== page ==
It feels good knowing who I am. I loved that sense of identity that Expedition1000 gave me when I finally conjured up a lifelong mission in 2010, even after I’d completed two of a proposed twenty-five different thousand-plus mile journeys. I had something to look forward to, a ladder to climb, a painting to create.

And SayYesMore led to the YesTribe, a largely voluntary movement which is kind of based on how I think a decent life should be lived. For so long I didn’t know where to find a community of people who would appreciate a zany idea, or sleeping outside, or happily chat about things like mental health with people they didn’t really know. So I created that community and it’s undoubtedly a central part of my life and identity. Possibly too much so at the moment, because that call of more adventures is getting stronger and stronger.

Time to listen to the heart. And this is probably a good time to share my final advice.

Tell people what you do. Make life easy for people to help you out. Offer yourself up. Always be willing to see value beyond money. Be a lifetime apprentice and if you can, help others on their apprenticeship, too.

Know what you’re not good at and find a workaround, whether that’s outsourcing your weaknesses or just doing something else. Be protective of your time and invest your money, don’t just spend it. Shout out about the good work of other people (this is what social media should really be for). Give yourself regular time away from screens and the internet. It’s more productive and this is where you learn to listen to yourself.

And remember, there’s no hurry so don’t rush, you’ll see less along the way if you do.

*I’ll always be grateful to Tim Turnbull and Aquapac for this.

How do you manage hygiene on a big adventure?

How do you manage your hygiene and your money while on a big adventure?
- Dominic Harrison-Poole


Answer:

As crucial as both of these are, I’ve already dealt with how to pay for adventures here, so below will focus (briefly) on the smelly bits.

There have been times when I’ve been so oblivious to my own stink the reality only hit home when I walked/rode/paddled into a populated region, then wondered why mothers were frogmarching their children swiftly in the other direction.

The human nose is very clever. When it’s had a bit of something it turns off most of the receptors. It’s nature’s way of helping us cope, I guess.

My attitude to hygiene is fairly simple. If I have an open wound I’ll keep it religiously clean until it heals up. Otherwise, I like being dirty as long as nobody else is effected. You’re more likely to need a wash when on land and the fumes, dirt and general detritus settles on you without so much as a second thought. Skin and body hair especially does an incredible job of harbouring bacteria, and in hotter and more humid climates just a couple of hours on the move take you way beyond need-a-shower level.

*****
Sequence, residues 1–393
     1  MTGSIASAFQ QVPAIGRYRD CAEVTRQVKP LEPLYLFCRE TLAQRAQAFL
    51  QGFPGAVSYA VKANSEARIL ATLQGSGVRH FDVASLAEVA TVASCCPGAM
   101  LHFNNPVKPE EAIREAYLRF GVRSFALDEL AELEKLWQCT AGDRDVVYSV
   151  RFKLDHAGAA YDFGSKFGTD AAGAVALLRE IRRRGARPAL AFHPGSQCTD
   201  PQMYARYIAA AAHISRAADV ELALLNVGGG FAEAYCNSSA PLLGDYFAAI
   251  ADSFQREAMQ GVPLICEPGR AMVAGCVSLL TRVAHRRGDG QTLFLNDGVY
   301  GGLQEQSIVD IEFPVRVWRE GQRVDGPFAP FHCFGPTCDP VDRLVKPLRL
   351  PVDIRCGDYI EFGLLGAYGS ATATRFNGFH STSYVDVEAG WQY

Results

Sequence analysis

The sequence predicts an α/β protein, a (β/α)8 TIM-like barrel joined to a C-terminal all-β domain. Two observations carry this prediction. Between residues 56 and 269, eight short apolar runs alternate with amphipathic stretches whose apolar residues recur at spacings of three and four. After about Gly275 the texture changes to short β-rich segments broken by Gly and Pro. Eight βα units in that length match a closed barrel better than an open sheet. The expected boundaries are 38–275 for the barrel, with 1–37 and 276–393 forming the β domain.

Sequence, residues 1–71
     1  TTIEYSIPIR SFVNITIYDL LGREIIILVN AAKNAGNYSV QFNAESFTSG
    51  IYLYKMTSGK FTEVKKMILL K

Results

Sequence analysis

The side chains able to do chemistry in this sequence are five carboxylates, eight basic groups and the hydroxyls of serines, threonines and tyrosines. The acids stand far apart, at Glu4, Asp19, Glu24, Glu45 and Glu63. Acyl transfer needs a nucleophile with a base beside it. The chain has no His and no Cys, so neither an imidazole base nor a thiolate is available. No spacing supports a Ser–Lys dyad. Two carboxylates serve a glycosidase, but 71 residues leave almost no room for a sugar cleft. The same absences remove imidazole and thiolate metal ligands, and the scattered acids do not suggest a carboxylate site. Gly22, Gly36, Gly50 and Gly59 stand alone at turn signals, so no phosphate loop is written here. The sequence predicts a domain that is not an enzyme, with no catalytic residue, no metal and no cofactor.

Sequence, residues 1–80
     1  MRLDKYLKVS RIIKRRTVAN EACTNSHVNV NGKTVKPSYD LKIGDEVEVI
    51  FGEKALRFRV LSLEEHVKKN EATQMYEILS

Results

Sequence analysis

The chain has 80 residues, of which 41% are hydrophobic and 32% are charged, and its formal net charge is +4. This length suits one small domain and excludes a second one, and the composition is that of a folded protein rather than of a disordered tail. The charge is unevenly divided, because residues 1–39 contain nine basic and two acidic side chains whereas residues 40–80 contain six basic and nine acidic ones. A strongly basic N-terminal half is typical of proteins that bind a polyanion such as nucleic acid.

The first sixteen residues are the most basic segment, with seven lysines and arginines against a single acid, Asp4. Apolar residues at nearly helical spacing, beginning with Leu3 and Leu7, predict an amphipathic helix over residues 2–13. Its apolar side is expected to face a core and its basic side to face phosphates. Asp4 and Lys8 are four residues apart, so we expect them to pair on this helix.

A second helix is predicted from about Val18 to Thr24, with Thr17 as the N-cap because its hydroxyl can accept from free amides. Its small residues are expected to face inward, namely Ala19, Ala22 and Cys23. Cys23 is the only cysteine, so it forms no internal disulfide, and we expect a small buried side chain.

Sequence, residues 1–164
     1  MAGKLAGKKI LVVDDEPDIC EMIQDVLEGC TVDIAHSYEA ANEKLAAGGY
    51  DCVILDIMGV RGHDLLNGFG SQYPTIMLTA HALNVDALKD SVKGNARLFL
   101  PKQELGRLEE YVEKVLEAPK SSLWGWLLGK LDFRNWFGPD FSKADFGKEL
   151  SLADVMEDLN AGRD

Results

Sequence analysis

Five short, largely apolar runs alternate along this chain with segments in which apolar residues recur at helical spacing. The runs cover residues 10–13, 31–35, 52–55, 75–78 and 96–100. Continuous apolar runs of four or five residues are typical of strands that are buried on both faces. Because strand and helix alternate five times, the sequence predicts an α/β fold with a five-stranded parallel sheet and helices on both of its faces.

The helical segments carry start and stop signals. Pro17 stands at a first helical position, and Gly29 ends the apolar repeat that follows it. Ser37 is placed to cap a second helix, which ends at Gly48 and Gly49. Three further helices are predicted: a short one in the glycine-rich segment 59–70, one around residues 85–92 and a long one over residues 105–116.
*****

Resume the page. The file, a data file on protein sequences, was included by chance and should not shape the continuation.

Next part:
I do enjoy a little splash in a sink in a gas station or roadside McDonalds, hand soap does the trick pretty much anywhere, but I’m carefully to wipe up afterwards. I don’t think the cleaners there get paid enough to deal with my mess.

If I’m travelling on or beside water I’ll swim wash at least once a day, more often if it’s fresh water. I did a trip in the Atacama desert a few years ago and my mates and I showered once in 19 days. We were just walking lumps of red dust but it was okay, because we were in the middle of nowhere and barely saw anyone. We smelled so bad ourselves we didn’t notice each other’s whiff.

Most of my trips are more social than that, so I’ll try to stay moderately clean if the chance allows. But still, I’d say on an average trip I shower every four or five days. A little splash under the pits is always a good move if a tap or stream presents itself.

Dr Bronner’s All-In-One soap is a good thing to take on a trip if you have the room, they come in small containers and wash hands, body, hair and clothes. And of course, clothes smell just as much (if not more) than a dirty human, so I treat my clothes just as I would myself on a trip - at some point everything needs a bath.

And if in doubt, if you smell so bad you can’t have a good conversation with someone, you smell too much.

Let me leave you with two words. Wet Wipes.

How do you decide what to do next?

I'm a compulsive over thinker so trying to decide on something is a daily struggle, from ordering in a restaurant to choosing between the red pill and the blue pill (a Matrix reference if you have ever seen the film). Every action and social interaction will have 1000 different possibilities and I will think of most of them before I decide how to move forward.

So the big question, how do you decide what to do next?
- Jon B


Answer:

We have more information at our disposal today than any of our ancestors had to deal with in a lifetime, and the option of multiple angles, results and effects means it’s rare that we face a simple yes or no.